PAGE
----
In the managed care space, we are seeing a resurgence of traditional HCIT opportunities, and SXC is at the table, leading these discussions with some of the largest payers in our industry. These payers are demanding flexible solutions that can offer a combination of tools and customized PBM services. SXC is capitalizing on the market demand, and Health Alliance is a great example of the opportunity that we see emerging in this market. Clients are telling us that it is, in fact, our unique business model that differentiates SXC and allows us to leverage our technology assets to bring on new business where we can layer on PBM services over time, as they need them.

In terms of HCIT to PBM conversions, we were able to successfully convert another one of our installed HCIT clients to our full-service PBM offering in the first quarter. Within the state fee-for-service Medicaid market, we announced a 5-year contract to provide PBM services to the state of Nevada's 180,000 Medicaid members.

SXC will be a subcontractor to HP Enterprise Services for this 5-year deal, which has two 2-year options for a total contract length of 9 years.

We will administer the state Medicaid's pharmacy transactions and help to manage the state's rebate administration program, prior authorizations, e-prescribing, as well as the MMIS integration.

We are driving what we see as an exciting new trend in the state fee-for-service Medicaid space. The Nevada contract represents our first exclusive contract for specialty pharmacy with the state Medicaid plan.

Now, specialty pharmacy is an area that has traditionally been unmanaged within the state fee-for-service market. And as you know, the financial challenges each state faces today are an opportunity for SXC to introduce new solutions, such as specialty pharmacy management, to help these programs more effectively manage their pharmacy spend. The Nevada win demonstrates our ability to effectively build on our growing presence in the fee-for-service Medicaid space, and it validates our recent acquisition of MedfusionRX.

We expect the state fee-for-service Medicaid business to continue to grow as there are a number of opportunities in front of us, and we are well positioned with a strong track record of quickly delivering meaningful results to these states. In fact, in addition to Nevada, we were able to successfully sell another of our current state Medicaid clients, an exclusive specialty pharmacy contract in the past quarter.

In addition to these significant wins, we've put on the board approximately $75 million of incremental new business from other sales in the first quarter of 2011. And while individually, these new contracts are not material to our results, taken together, they build upon the very strong start that we've had in this year's selling season.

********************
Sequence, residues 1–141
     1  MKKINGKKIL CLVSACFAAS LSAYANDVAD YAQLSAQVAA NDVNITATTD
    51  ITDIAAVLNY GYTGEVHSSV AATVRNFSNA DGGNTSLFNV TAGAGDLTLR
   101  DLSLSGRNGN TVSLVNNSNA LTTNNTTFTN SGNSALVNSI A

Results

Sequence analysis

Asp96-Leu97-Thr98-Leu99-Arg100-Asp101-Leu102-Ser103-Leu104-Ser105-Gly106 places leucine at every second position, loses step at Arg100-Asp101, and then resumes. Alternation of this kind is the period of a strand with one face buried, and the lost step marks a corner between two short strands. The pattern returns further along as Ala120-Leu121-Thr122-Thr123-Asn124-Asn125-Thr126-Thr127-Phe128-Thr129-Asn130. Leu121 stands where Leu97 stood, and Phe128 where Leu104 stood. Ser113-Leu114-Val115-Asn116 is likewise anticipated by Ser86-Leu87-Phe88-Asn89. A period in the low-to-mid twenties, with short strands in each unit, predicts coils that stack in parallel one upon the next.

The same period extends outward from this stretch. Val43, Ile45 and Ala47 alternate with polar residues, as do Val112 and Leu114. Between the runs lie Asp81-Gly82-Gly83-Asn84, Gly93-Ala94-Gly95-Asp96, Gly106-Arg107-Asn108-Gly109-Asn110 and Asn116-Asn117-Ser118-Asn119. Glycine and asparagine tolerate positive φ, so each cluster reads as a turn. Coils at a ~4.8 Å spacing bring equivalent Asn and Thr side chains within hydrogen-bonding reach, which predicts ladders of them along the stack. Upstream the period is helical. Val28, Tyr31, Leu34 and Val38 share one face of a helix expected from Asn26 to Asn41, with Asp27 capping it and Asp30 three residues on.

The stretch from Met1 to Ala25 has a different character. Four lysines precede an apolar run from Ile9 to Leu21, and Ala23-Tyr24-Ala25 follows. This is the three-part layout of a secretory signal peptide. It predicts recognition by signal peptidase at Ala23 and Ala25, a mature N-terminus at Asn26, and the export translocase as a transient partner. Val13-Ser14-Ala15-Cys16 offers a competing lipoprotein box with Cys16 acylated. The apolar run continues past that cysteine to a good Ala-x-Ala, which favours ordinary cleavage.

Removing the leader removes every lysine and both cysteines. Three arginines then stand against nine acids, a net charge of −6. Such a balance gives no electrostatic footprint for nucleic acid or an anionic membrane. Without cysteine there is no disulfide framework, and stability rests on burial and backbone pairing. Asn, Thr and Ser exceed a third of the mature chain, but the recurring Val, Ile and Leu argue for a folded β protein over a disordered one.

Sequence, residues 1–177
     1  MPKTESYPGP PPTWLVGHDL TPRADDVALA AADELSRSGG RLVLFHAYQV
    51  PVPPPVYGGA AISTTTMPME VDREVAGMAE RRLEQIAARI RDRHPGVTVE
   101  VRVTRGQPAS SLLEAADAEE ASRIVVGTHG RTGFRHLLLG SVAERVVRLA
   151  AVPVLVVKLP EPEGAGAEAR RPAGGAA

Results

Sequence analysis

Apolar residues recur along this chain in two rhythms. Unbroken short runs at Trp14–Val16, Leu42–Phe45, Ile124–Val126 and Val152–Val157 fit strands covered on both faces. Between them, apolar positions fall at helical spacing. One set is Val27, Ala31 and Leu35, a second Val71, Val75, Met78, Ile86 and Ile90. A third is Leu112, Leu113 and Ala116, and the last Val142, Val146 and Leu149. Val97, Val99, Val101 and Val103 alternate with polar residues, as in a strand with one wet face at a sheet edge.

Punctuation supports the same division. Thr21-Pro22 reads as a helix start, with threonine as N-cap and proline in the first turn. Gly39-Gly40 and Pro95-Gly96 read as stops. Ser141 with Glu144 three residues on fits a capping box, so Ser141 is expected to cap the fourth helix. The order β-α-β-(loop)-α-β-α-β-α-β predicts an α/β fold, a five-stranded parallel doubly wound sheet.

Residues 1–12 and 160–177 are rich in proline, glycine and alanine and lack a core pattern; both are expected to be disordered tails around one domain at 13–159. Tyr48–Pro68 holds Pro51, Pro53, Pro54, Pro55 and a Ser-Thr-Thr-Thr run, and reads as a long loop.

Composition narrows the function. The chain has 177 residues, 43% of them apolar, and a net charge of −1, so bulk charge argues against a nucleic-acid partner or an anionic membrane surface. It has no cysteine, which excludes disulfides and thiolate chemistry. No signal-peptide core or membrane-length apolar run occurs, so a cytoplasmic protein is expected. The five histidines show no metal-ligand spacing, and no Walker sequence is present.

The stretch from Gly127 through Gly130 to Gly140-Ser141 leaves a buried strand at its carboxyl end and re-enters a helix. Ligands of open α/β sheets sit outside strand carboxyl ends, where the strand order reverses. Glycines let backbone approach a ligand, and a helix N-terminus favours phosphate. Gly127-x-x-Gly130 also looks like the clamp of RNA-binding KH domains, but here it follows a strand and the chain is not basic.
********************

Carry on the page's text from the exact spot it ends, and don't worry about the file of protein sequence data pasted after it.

Last year's 2010 selling season was, in fact, the best in our company's history, and this year's selling season is, obviously, off to a great start. Our sales success has been a direct result of targeting and pursuing the right opportunities. With the name recognition SXC has now earned in the market, we are getting more looks, and many of them are a great fit with our model. And at the same time, we've been able to drive up our overall win rate.

Looking back. Two years ago, we bid on a lot of business, and we won a handful of new customers. And then last year, we bid on even more business, and we, in fact, won even more. But this year, we are competing at a whole new level. We're competing for larger scale deals in every one of the markets in which we serve. It's really a validation of our ability to engage with our prospects, build the right solutions and close on those opportunities. I think the quality of our sales team, along with our improved bids and proposal responses and our best and final efforts are driving measurable and better sales results today

Now, with regard to current clients, we're continuing to focus on maintaining our 99% record client retention rates. We recently held a 2-day client advisory meeting in San Antonio where 100 of our largest customers joined us to participate in discussions of our new trends and solutions with the SXC leadership team. This annual meeting is an important part of our account management and retention strategy, and the feedback from this year's conference was really good.